Sir Ranulph Fiennes, who turned 71 in March, will attempt on Sunday to become the oldest Briton to complete the Marathon des Sables in aid of charity.
The veteran explorer will take part in a gruelling six-day ultra-marathon in the Moroccan desert.
He will face temperatures of more than 50C and endless sand dunes in a challenge labelled the toughest footrace on Earth.
It covers 155 miles including the distance of a marathon a day and a double marathon one day, with runners carrying everything they need on their backs.
Sir Ranulph, who has suffered two heart attacks, undergone a double heart bypass, a cancer operation and has diabetes, is embarking on the massive challenge to raise £2.5 million for UK charity Marie Curie.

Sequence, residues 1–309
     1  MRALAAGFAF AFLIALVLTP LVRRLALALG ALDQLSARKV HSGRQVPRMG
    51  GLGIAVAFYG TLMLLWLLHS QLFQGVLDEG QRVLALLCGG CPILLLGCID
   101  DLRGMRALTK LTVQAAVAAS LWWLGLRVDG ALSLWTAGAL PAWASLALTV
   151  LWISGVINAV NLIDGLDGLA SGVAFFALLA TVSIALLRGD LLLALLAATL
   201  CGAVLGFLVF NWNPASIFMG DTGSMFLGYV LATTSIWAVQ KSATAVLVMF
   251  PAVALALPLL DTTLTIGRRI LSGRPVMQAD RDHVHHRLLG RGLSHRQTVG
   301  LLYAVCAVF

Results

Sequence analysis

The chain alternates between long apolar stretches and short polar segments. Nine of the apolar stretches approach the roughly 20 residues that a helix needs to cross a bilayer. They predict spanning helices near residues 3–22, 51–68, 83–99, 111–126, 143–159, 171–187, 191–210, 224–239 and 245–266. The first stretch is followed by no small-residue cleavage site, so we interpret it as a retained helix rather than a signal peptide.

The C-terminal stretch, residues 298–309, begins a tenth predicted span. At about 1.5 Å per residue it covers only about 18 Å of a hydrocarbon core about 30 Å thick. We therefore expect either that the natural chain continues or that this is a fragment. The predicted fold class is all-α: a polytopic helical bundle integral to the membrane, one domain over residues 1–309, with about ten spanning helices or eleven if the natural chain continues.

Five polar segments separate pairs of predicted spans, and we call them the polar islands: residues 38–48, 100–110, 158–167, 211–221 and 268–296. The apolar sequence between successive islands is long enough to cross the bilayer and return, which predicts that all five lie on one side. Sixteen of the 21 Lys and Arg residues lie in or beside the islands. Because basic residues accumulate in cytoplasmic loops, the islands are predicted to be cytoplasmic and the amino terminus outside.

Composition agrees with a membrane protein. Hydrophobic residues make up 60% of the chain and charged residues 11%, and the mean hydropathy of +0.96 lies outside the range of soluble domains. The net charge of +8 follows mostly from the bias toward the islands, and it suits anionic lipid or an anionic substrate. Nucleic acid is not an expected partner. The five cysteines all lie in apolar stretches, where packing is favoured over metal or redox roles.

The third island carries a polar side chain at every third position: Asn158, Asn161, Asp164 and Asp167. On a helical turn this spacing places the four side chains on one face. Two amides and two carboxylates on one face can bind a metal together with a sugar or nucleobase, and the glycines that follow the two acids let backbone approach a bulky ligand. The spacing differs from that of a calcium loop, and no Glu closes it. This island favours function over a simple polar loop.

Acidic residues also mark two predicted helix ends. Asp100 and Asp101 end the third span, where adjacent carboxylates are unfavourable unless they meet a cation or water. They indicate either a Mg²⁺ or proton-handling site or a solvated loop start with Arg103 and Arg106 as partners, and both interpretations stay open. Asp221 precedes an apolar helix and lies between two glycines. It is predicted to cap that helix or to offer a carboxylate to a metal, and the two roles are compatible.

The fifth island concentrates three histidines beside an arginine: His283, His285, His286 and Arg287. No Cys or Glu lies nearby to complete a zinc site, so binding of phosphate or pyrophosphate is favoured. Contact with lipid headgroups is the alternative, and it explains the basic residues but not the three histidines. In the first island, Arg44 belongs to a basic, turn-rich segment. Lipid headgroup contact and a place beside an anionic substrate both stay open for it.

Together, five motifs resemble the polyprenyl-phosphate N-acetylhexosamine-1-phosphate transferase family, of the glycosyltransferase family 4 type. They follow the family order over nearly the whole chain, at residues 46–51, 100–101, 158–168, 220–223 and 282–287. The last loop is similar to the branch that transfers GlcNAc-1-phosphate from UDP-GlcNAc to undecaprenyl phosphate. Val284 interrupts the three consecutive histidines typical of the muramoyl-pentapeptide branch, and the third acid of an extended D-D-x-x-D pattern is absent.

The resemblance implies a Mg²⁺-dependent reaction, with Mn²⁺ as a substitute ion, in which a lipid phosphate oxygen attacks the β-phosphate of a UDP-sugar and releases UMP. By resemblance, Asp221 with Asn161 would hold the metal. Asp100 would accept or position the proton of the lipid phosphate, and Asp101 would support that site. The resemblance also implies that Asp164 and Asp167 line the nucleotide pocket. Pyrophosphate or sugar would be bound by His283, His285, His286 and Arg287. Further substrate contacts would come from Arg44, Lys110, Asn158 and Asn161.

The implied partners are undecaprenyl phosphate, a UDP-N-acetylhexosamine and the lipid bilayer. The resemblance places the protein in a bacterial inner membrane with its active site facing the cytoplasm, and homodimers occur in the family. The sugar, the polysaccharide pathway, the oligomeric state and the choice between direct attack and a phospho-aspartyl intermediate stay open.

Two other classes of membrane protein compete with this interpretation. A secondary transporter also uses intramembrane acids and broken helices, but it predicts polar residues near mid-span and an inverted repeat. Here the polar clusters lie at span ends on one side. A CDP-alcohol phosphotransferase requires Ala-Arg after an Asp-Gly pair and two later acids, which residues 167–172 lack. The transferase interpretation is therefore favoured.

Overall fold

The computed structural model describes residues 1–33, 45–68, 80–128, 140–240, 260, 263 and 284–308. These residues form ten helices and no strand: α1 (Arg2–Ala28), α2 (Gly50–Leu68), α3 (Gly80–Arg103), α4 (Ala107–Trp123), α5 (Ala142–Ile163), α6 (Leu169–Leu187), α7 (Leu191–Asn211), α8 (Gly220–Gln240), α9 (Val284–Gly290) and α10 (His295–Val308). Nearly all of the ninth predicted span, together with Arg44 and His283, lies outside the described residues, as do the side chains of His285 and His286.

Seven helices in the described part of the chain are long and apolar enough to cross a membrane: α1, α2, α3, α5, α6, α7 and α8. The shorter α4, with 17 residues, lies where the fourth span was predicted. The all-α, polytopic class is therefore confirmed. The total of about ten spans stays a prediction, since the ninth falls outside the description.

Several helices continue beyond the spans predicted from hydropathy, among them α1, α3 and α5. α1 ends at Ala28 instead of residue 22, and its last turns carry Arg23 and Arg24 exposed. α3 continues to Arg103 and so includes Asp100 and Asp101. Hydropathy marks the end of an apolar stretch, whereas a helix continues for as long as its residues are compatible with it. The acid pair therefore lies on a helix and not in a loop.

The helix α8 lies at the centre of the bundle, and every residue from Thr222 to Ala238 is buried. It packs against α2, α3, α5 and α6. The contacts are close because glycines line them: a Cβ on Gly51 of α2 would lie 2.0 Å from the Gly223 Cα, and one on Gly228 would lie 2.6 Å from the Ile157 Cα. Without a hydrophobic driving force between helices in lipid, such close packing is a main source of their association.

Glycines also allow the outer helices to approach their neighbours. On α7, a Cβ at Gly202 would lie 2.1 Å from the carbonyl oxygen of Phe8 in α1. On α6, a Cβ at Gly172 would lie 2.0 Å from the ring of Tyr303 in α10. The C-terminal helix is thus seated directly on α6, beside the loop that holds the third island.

Chief executive of Marie Curie Dr Jane Collins said: "We are thrilled and privileged that Sir Ranulph has chosen to undertake another huge challenge for the charity. He has quite literally gone to the end of the earth and back to raise money for Marie Curie.
"His determination and ability to push himself to his limits is truly inspiring.
"We hope Sir Ranulph will inspire others to take on their own personal challenge in aid of Marie Curie and help us care for more people living with a terminal illness."